The AA was pleased to hear Finance Minister Michael Noonan explicitly state during his budget speech that there is to be no increase in taxes on petrol, diesel, VRT or Motor tax.
The AA believes that the succession of austerity-era tax increases on fuel have been so severe that there was simply no scope for increasing them again.
“Fuels taxes were raised on five separate occasions since the first austerity budget of October 2008,” said Director of Consumer Affairs, Conor Faughnan. “Those increases combined to add 23 cent per litre to the retail price of both fuels. The price advantage we once enjoyed over Northern Ireland is all but gone; any further increases would send so much trade north that they would actually cost the exchequer money.”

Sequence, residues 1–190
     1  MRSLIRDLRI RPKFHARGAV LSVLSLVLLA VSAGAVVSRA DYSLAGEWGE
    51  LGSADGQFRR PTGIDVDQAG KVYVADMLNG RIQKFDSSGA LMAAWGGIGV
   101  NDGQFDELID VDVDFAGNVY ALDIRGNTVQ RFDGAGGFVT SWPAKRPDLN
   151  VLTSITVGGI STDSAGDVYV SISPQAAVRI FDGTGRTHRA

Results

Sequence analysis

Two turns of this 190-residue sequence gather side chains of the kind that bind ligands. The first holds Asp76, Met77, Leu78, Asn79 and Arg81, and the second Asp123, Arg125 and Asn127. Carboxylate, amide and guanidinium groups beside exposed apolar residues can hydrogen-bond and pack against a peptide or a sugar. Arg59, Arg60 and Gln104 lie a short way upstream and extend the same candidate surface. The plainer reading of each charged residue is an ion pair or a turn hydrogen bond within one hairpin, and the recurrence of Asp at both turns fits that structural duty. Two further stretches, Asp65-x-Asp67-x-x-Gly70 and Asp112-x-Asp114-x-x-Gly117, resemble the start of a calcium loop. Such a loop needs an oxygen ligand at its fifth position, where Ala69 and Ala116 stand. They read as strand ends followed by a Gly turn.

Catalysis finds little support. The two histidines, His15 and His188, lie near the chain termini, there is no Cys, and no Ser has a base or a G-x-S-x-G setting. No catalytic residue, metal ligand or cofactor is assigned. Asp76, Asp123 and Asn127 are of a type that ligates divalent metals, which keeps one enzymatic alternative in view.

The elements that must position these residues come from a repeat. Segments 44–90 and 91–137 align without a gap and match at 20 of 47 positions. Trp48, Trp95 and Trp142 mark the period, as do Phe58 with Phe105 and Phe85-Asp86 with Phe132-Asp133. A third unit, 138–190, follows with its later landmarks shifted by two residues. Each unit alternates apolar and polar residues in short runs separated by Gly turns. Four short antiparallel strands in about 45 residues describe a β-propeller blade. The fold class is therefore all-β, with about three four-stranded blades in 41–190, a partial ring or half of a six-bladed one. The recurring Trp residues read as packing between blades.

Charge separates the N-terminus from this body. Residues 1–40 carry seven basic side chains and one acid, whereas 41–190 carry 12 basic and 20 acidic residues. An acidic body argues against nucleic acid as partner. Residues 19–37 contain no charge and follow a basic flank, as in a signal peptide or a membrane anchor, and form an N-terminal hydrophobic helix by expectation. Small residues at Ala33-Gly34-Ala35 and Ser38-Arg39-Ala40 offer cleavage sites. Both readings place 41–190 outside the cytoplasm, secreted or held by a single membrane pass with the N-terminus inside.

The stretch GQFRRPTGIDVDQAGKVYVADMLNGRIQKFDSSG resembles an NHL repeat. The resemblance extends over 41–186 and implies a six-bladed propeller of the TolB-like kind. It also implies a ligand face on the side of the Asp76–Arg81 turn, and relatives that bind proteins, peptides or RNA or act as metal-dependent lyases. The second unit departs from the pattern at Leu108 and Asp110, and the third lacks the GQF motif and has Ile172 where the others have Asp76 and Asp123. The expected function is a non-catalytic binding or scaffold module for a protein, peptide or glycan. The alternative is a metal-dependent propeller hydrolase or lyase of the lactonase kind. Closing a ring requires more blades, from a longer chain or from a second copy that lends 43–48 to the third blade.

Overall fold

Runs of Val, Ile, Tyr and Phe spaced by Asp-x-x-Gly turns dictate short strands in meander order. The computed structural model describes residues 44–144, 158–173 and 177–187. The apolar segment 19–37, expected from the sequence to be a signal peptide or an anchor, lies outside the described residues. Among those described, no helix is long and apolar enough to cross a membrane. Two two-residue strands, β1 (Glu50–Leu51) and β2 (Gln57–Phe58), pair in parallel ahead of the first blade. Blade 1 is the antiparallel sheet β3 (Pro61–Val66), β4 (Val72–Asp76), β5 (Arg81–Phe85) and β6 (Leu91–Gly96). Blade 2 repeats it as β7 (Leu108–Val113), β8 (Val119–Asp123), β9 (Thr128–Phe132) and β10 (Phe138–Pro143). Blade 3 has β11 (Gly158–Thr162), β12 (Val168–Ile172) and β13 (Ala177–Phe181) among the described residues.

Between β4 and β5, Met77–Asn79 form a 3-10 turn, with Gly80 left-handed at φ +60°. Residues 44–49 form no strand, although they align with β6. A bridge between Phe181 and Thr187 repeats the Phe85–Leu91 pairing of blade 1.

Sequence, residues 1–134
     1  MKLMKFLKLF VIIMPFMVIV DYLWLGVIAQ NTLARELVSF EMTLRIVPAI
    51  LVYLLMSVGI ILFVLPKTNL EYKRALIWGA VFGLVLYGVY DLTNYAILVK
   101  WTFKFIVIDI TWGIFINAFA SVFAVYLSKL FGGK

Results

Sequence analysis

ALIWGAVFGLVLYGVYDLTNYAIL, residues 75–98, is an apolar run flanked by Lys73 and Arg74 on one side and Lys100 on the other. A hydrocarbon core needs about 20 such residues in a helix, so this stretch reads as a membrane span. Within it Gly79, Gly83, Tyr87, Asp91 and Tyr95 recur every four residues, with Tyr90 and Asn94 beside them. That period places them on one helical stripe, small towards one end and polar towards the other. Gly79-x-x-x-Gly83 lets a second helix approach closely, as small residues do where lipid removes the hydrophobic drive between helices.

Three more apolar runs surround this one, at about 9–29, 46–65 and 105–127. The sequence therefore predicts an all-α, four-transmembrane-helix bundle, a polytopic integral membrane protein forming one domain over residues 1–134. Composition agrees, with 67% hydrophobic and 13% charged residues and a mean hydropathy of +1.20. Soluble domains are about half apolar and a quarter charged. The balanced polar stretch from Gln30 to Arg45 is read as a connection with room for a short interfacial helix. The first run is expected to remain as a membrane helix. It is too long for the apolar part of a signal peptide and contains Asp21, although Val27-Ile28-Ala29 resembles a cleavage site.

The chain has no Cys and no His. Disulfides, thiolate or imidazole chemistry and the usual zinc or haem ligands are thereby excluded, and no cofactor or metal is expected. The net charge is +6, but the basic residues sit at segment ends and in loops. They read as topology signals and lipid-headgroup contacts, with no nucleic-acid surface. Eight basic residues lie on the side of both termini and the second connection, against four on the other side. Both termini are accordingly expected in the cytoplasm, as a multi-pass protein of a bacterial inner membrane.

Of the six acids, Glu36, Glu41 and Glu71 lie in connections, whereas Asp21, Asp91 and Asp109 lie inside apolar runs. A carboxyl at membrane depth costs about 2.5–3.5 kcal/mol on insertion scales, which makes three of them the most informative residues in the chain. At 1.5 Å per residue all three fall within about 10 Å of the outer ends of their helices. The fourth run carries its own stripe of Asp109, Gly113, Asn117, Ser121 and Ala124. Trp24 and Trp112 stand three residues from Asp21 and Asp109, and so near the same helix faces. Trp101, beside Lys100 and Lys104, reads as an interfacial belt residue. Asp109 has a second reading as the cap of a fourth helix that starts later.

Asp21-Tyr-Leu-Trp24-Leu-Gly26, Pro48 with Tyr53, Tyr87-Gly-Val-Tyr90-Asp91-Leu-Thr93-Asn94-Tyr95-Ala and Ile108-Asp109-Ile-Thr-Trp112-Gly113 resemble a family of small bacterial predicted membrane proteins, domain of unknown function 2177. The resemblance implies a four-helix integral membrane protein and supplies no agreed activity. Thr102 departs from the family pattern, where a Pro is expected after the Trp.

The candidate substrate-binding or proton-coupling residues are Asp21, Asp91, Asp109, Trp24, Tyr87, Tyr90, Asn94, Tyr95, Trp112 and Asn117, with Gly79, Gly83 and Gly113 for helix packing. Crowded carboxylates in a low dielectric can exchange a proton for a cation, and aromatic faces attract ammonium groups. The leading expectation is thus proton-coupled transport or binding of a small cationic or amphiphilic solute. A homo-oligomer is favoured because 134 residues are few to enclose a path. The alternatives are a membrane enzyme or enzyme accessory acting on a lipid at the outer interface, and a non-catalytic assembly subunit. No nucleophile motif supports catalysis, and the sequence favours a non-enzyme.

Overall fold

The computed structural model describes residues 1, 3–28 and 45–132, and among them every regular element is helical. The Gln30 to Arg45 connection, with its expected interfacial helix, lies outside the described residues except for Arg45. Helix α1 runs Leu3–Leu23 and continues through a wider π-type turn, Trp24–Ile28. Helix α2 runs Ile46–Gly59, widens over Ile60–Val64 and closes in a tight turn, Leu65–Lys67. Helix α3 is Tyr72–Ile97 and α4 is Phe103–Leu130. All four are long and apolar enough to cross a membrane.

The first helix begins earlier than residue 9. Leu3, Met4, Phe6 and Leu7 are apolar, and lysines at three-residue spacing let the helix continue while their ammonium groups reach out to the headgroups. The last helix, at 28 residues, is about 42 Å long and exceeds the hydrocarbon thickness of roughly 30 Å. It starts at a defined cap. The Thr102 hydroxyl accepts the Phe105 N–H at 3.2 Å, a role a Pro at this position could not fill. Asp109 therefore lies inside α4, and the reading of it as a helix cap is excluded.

While most motorists will be relieved to have been spared the AA says that there are still reforms needed for motor tax which currently discriminates very heavily against older cars.
“Approximately 75% of Ireland’s 1.88 million private cars date from 2008 or earlier and are therefore taxed on the old system based on engine size,” said Faughnan.
“For those that have larger engines the tax burden on them has become very unfair. Someone lucky enough to be able to buy a brand new luxury car for €45 or €50,000 is likely to pay €270 per annum in road tax.
Compare that to someone who cannot afford to replace an 8-year old run-about with a 2.2 litre petrol engine; that car costs €951 to tax every year.
“It is an anomaly that needs to be addressed.”